CHEGO: UNDERWHELMED BY THE KOGI TRUCK'S BRICKS & MORTAR GAFF
Ever felt like you were an unwelcome guest at someone else’s party?
That’s exactly how Sybil & I felt as we walked into the small space that is Chego, the brand new bricks & mortar expression from the people behind the Kogi BBQ Truck. It was already filling up with friends of the restaurant as we arrived. The bloggers of L.A. were also in full effect, wielding their hefty SLR cameras, which made me, not for the first time, hide my little point and shoot in shame.
Kogi has easily been the favourite of the gourmet taco trucks I have tried to date.
However, the unacknowledged truth is that most of the food served from most of these mobile eateries is, at best, average and only worthy of note because of the Twitter promoted game of “find the truck”. Kogi was better than that, and I often crave a few of their BBQ sliders when hunger strikes.
The trucks first came into being when would be restaurant owners turned to these L.A institutions as a way of circumnavigating the ludicrous rents charged for retail spaces in the city. Now, as with every successful fad, what was once a real underground movement has moved into the mainstream and already successful restaurants are launching their own trucks as a way to make extra revenue. In return, it seems that the more successful trucks will retort by parlaying the goodwill they have gained out on the road into a way of opening their own permanent places. As far as I am aware, Kogi is the first to do so.
Back at Chego, we placed our order at the counter, were given a number and took a seat. The owners seemed too preoccupied with their glad handing of friends to explain the system to us and it was only when asked for our drinks that our young server told us that we were supposed to collect them from behind the counter.
That the owners were paying special attention to people who had supported Kogi since its inception, even to the point of comping a few meals if over heard conversations are anything to go by, is absolutely fine. But, at the same time, they do have a duty to make sure that this is not done to the detriment of real live, paying punters who might know nothing more about the restaurant than it is new, looks interesting and is possibly worth spending some of their hard earned readies on.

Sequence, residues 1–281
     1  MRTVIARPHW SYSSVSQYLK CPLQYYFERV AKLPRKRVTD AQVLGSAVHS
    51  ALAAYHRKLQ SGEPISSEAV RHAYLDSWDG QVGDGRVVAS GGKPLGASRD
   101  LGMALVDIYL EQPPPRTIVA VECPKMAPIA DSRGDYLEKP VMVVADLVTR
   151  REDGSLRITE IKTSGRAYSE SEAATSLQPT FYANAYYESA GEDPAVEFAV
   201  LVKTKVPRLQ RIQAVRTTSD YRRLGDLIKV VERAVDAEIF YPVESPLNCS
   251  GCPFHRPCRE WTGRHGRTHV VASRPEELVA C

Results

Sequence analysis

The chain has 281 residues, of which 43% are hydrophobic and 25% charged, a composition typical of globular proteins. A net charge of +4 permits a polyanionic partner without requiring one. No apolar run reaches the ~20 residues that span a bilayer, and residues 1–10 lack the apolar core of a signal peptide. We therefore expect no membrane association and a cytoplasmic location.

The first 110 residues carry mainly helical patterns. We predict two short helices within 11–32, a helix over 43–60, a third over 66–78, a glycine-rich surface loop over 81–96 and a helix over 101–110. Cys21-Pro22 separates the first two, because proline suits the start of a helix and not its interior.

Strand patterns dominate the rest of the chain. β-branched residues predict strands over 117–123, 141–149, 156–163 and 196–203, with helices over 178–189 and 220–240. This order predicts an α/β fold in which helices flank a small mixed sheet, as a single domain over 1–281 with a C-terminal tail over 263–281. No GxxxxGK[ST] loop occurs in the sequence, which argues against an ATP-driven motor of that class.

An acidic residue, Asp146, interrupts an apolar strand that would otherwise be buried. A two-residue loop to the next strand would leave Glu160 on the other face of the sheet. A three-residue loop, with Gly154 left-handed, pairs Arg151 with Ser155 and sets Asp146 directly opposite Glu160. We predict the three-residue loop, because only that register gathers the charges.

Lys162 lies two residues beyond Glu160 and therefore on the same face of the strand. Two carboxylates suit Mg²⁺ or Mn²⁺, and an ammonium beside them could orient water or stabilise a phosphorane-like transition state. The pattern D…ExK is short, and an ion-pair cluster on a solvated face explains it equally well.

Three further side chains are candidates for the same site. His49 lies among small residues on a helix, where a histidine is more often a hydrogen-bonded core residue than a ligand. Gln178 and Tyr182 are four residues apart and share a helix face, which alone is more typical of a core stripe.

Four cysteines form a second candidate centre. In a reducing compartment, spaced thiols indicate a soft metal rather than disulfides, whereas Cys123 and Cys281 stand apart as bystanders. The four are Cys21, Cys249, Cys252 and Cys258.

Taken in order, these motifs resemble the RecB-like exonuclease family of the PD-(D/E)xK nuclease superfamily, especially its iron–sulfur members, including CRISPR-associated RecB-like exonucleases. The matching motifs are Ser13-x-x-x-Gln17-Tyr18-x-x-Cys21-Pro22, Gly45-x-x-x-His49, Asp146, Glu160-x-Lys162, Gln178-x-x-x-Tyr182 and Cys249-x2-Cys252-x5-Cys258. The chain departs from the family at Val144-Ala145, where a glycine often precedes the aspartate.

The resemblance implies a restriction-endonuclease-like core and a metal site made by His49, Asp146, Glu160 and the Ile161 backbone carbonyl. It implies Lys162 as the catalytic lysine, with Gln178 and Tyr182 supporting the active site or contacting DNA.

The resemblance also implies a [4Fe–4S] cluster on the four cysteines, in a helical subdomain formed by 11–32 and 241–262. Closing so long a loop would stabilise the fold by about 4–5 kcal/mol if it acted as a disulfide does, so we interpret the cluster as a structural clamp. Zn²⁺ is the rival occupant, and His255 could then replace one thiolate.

That our confused server brought us our dessert before any other dishes and seemed perturbed when we suggested we might like it later, should tell you all you need to know about how they failed in this regard during our visit. All of this, of course, could be put down to opening night nerves, but Chego was charging us full whack, so I don’t think anyone would be unfair in suggesting we should have every right to deserve the full experience.
If the food was terrific, the rest might have been forgiveable. However, the truth is, once you take away the “excitement” of waiting outside Sony Studios for half an hour to buy a few sliders, what you are left with is middling, overpriced Korean food, served in paper bowls.
To be fair, the menu is very different to that of the Kogi truck and may take time to get right. But, there was little in what we tried to suggest that we would ever feel the need to return and find out. Starters of 3pm meatballs offered little but texture and spice and “Charred Asparagus” looked like it was auditioning as a cadaver on CSI, while tasting as if it had been bathing in lemon juice for a week. I overheard the next table tell the chef that they had “never had asparagus like that before” I wanted to lean over and add “that’s not necessarily a good thing”
Main course bowls of “One Chubby Pork Belly” and “Sour Cream Hen House” looked appetising enough, but were surprisingly one note, high on starch, low on protein and entirely underwhelming. The dessert, a take on rocky road, was also not worth writing home about, even when it was brought back to the table at the correct time.
We left as unnoticed as we had been when we arrived and, on the way home,I had to agree with Sybil's assessment. She is a big fan of the Kogi Truck and had been looking forward to the opening, but she declared that in the end it was just “all so many empty calories” and even though our bill was only $40 including a tip and those drinks, she would rather pay more for better.
There might be a certain dispensation granted to gourmet trucks, because of the excitement they originally brought to the dining scene in L.A. However, once they move to bricks & mortar, they must be judged by the standards of all other restaurants and, by those levels and based on our initial experience, Chego was not a success.
If, over time, they can transfer the obvious and tremendous goodwill of the fans of Kogi, to a loyal following for the new permanent spot, they might just make it. First of all, however, they need to realise that they must also attract, look after and feed punters who might not give a rats behind that they were ever on Twitter and who just want a good meal at a fair price, served efficiently (and possibly even in the right order).
It will be interesting to see if they can step up to the plate, er paper bowl.